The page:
Talking about sex with your arthritis patients

5 minute read

If you are interested in your patients’ ability to perform regular activities, then sex should be under your umbrella of concern

Poor sexual function can often be an unexpected side-effect of having arthritis, but it is one that many patients are not comfortable discussing with their partners, let alone their doctors.

Sometimes, in support groups (especially closed, online ones), a brave soul may hesitantly ask a personal question about difficulties with sex and arthritis. When they do, others often speak up and say how relieved they are to know they are not the only ones having problems in the bedroom in that way.

Doctors and patients alike are getting better at discussing lifestyle factors such as exercise, diet, ability to work and so on. Yet, having sex is also an important part of life, so limitations and dysfunctions caused by arthritis also need to be addressed in a professional way.


No doubt, the more common effects of arthritis and related medications, such as pain and joint stiffness, can have a negative influence on sexual performance.

Say, for example, your 25-year-old female patient is looking forward to a great night with a new partner but her whole body is in pain and she can barely dress herself. How would that make her feel?

What about the patient who has recently had a hip replacement and has no idea how soon they can safely resume having sex? They want to have fun, but they don’t want to risk damaging the new joint.

There are many other factors that can influence the outcome (so to speak). These might include vaginal dryness, erectile dysfunction, feeling fragile, inability to orgasm or difficulty getting into positions. All this can generate stress, which, in turn, adds to physical pain and tension.

These aren’t things you would generally discuss at a routine appointment, for sure, but they might be the elephant in the corner waiting to be noticed.


You’ve probably come across many arthritis patients reluctant to move their affected joints due to fear of the pain this could cause. While you understand their fear, you also try to help them overcome it so they can experience the benefits of movement. If they fear having sex for that reason, shouldn’t you be at least acknowledging that in some way? The fear of having sex with arthritis can have other manifestations, too. The fear of a partner not understanding or caring. The fear that they might never be able to get into their favourite positions anymore. The fear that they won’t be able to satisfy their partner’s needs.

Fatigue is another mood-killer when it comes to love life. If your patient is barely managing to get through the day or even showering themselves without needing a nap, how on earth will they have the energy to rock the house at night?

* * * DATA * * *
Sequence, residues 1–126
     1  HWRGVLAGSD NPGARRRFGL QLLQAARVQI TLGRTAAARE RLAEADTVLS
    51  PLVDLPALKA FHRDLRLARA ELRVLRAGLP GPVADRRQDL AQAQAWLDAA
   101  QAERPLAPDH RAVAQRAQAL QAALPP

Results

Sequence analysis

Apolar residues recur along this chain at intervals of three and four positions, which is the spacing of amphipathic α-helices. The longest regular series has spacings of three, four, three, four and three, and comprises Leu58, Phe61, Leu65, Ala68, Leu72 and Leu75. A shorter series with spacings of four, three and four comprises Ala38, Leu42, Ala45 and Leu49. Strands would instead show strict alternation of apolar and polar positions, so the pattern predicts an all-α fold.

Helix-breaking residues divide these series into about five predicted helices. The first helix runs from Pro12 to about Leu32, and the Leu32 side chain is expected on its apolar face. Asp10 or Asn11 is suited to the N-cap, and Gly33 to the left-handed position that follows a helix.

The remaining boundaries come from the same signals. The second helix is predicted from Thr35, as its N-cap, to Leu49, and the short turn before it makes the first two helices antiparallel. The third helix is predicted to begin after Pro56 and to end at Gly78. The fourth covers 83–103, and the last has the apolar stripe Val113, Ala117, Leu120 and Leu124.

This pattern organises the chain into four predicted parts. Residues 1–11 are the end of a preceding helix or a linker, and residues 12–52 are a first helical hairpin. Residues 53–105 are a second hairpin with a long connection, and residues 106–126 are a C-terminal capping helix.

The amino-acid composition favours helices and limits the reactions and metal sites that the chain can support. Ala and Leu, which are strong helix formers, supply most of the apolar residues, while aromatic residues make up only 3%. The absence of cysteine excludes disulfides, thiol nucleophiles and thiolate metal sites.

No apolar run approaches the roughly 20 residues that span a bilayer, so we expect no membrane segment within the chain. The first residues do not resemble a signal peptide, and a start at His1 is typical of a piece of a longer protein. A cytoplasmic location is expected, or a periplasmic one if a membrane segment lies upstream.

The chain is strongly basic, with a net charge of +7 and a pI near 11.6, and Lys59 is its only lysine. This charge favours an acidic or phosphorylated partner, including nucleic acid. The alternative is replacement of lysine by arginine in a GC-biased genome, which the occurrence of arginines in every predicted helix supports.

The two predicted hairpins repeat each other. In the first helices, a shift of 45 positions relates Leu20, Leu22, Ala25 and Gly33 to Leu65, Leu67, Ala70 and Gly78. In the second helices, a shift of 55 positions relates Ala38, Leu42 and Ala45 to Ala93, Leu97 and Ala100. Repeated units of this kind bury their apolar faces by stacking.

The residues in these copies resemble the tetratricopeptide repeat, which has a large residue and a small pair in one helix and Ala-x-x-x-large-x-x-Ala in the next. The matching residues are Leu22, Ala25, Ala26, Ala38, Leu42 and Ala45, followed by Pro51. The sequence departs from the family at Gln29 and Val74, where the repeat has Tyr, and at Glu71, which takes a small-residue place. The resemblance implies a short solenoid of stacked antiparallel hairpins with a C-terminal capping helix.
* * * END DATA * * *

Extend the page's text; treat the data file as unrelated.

Any one of these issues can lead your patient to experience a hotpot of emotions, such as embarrassment, sadness, grief, anxiety or depression. But what can you, as their rheumatologist, do about it?

Though studies have been done on the nature of these issues, there isn’t much practical information around to help doctors have these conversations.


If your patients fear the pain of sex, you could mention that some people find sex actually gives them some pain relief due to the endorphins released.  Sex can also help strengthen muscles in some cases.

It’s not just heterosexual people with arthritis who are having sex.

Homosexuals or those with other sexual identities may have the same challenges with arthritis and sex as others do.

Nor does your patient have to be in a relationship. They might be too embarrassed to even consider entering a relationship because of their concerns around having sex. Or, they might enjoy a bit of self-love on occasion, but their finger joints are too swollen.

Young people coming of age while under your care might also need some help in this area and have no idea whom to talk to about it.

The topic of sexual positions will probably be an extremely awkward one to discuss with them, but perhaps it could be part of a broader conversation about pregnancy or future family planning.

Your patients should feel comfortable raising these concerns with you if they choose to. Don’t pass the buck and refer them back to their GPs. If you are interested in your patients’ ability to perform regular activities then sex should be under your umbrella of concern, too.

Create conversation-starter opportunities such as pre-appointment questionnaires. These are often full of safe-for-elderly questions, such as a self-assessment of the ability to put on trousers or reach above the head. Your questionnaire doesn’t need to be explicit to open a conversation. For example, you could include a question like, “Rate your difficulty to care for your loved ones”.

Alternatively, you could start the appointment by asking: “Is your arthritis causing you any concern in your daily life?”

These could be interpreted in many ways, and any answer opens up an opportunity for conversation. Of course, tailor your approach to suit the patient.

Have a list of other health professionals handy that you could refer patients to if they want further help. This could include physiotherapists, occupational therapists, family counsellors or sex therapists.

Above all, this subject needs to be treated as part of a holistic approach to your patient’s care. If you are reluctant to include it within your duty of care, you could be contributing to the problem.

Rosemary Ainley was writing on behalf of CreakyJoints Australia. CreakyJoints Australia would like to thank Rheumatology Republic for this opportunity to share the patient voice within the Australian rheumatology community.

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